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. Last Updated: 07/27/2016

Lesin Would Like His Ministry Closed

Press Minister Mikhail Lesin said Wednesday that he would like to see his ministry disbanded by 2005 as part of an ambitious plan to reduce the government's role in the media and shift responsibility to the industry itself.

"In two or three years when, I hope, solutions have been found for the majority of the industry's problems, I will be prepared to raise the issue of disbanding the ministry and will be ready to leave," Lesin said.

He said two federal commissions or an agency would then take care of the "essential state interests" of licensing and monitoring the legality of media activities.

Lesin made his remarks at the start of a two-day conference of several hundred media executives from around the country. The declared goal of the conference is to begin consolidating the splintered media community to allow it to assume greater responsibility for internal regulation and to become an effective lobbyist for laws to make the largely state-funded market self-supporting.

The reduction of the government's role as both owner and subsidizer of the media was at the center of Wednesday's discussions. President Vladimir Putin a day earlier gave his blessing to the plan but cautioned that the process would be more evolutionary than revolutionary.

Lesin said the state should one day own only one newspaper, one television channel, one radio station and one news agency.

"However, the state's desire to divest itself of the majority of its media assets does not mean a panic-struck, lightening-fast sell-off," he said.

A gradual, well thought-out process should be established in which state media would be sold off piece by piece, he said. (See page 8 for the full text of Lesin's speech.)

Lesin said he was not ready to give specifics about which state-controlled television channels should be sold or the terms of their sale.

As for radio, however, he said he would like to see Radio Rossia as the only state-owned radio station and Radio Mayak divided into two parts. The wireline service should be merged with Radio Rossia, while the broadcast service should be turned into a commercial station, he said.

Conference organizers pushed participants to come up with concrete proposals at a time when the government is open to advice on how to reform the media. Yet the audience was clearly divided over whether the state should subsidize the media or allow them to sink or swim on their own.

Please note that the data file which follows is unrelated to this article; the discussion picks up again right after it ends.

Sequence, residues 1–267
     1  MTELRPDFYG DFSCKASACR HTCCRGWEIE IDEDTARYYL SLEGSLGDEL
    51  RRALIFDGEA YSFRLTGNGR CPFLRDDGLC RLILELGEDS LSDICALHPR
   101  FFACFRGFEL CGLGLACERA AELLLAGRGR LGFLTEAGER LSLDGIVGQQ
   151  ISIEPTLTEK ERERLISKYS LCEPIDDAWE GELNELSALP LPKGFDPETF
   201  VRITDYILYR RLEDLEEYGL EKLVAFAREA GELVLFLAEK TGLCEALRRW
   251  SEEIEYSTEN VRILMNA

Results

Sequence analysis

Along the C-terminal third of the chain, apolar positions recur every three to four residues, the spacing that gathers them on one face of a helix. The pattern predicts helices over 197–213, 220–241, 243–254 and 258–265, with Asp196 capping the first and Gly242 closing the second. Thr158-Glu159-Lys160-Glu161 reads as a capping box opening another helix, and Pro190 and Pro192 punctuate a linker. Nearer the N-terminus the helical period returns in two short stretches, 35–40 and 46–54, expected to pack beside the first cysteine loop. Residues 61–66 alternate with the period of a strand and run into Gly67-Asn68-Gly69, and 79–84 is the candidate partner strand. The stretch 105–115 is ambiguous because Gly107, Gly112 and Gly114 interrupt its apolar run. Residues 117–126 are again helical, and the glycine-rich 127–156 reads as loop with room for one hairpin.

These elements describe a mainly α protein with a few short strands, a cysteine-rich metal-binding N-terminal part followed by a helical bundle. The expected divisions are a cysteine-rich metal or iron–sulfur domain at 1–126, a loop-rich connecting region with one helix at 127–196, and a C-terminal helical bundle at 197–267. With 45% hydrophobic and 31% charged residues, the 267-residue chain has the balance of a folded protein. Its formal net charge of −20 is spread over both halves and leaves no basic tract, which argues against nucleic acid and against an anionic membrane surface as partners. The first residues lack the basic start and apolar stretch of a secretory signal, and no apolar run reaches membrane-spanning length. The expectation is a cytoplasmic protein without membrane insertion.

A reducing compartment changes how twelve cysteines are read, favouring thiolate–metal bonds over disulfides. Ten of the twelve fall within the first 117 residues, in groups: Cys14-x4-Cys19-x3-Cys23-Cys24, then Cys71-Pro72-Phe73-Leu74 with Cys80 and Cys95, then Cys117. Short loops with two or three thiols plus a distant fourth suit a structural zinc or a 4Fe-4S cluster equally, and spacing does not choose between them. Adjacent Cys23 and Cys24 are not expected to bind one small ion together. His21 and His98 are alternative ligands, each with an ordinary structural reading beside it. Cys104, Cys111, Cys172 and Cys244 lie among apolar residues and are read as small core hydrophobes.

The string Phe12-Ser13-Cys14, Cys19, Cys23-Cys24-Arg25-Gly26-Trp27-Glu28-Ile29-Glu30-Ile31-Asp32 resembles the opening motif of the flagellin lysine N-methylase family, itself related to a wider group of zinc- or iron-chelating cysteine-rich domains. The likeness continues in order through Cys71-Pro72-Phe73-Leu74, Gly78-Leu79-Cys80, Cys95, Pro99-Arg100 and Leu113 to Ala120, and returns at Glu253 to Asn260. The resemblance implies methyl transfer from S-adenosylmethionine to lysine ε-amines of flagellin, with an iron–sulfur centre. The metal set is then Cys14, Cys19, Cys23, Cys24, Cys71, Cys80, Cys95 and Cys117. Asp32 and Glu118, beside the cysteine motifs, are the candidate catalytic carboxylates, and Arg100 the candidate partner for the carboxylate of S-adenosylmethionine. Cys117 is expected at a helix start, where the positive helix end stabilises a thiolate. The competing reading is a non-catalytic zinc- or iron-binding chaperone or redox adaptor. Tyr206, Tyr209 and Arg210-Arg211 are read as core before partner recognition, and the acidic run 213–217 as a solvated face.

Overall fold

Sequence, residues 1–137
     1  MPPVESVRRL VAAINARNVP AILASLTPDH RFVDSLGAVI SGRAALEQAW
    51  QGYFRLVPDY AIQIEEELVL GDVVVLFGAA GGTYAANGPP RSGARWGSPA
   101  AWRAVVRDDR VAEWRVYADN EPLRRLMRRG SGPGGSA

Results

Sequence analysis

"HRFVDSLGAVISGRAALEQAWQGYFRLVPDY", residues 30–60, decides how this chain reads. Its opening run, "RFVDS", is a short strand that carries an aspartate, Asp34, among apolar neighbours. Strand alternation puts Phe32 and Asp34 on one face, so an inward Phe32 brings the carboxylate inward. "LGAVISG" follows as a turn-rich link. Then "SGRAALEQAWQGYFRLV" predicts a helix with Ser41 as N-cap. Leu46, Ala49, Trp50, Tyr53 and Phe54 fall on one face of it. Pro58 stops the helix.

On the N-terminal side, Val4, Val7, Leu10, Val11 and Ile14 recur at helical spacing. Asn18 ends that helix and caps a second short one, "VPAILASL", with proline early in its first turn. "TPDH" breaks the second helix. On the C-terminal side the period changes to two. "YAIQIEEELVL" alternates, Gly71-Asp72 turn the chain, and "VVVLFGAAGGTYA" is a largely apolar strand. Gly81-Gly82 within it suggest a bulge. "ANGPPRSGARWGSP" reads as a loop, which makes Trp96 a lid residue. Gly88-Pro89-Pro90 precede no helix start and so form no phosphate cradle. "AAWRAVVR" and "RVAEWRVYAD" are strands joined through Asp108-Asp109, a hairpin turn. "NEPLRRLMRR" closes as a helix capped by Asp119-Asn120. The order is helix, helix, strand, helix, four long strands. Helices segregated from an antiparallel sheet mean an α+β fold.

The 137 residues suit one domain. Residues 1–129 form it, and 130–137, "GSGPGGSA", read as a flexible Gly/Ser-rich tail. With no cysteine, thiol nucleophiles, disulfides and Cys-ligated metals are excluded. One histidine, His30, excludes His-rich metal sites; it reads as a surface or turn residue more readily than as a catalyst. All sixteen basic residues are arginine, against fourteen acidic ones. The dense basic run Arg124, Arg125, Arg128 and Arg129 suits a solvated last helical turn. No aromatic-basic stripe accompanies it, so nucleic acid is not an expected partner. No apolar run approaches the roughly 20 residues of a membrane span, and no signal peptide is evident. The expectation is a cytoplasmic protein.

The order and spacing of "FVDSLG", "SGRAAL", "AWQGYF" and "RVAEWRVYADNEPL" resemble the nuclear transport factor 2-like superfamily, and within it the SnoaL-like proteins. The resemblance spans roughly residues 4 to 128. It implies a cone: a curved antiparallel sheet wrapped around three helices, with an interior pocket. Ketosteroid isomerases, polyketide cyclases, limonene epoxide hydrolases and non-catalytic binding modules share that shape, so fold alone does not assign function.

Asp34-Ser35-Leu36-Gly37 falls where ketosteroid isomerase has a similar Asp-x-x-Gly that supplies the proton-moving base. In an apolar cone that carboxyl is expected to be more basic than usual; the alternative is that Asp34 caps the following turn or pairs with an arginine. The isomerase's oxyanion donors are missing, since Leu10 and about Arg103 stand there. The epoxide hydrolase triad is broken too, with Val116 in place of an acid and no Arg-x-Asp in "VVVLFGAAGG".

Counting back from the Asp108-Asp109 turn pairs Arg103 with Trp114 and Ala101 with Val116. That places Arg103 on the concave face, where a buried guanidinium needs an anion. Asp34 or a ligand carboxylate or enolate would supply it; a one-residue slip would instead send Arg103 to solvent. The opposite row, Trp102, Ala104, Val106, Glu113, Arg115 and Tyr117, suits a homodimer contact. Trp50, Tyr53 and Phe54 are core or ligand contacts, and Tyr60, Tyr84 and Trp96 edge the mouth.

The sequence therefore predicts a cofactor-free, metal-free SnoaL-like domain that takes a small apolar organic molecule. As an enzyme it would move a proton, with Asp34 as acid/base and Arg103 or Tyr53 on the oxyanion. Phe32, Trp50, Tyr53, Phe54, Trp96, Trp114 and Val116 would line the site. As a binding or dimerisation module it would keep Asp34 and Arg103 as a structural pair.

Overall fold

NTV general director Boris Jordan warned that television would be unable to modernize and introduce the new technologies already widespread in the West without billions of dollars of investment. He said Western investors are only considering business plans worth $1 million to $2 million for Russian media these days.

"Economic growth is simply not enough [for Russian media]," Jordan said. "We have to create a level playing field."

One proposal raised Wednesday called for the cancellation of a 1998 presidential decree that introduced lower transmission tariffs for ORT, RTR, NTV and Kultura. Jordan supported the move.

Publishers, meanwhile, discussed raising the portion of advertising in publications eligible for a lower tax rate from 40 percent to 70 percent in view of the different opinions over what can be considered advertising in the press. Purely advertising publications such as Iz Ruk v Ruki get charged the higher tax rate.

Participants also discussed possible amendments to the law on mass media that they said would bring the legislation in line with market realities and the Civil Code.

Lesin made it clear he would rather have the market players come up with proposals than do it himself, saying wryly that he would once again be accused of meddling in press freedom if he intervened.

The conference will conclude Thursday, when delegates are expected to form a media industry committee and vote for the issues they want the committee to lobby for.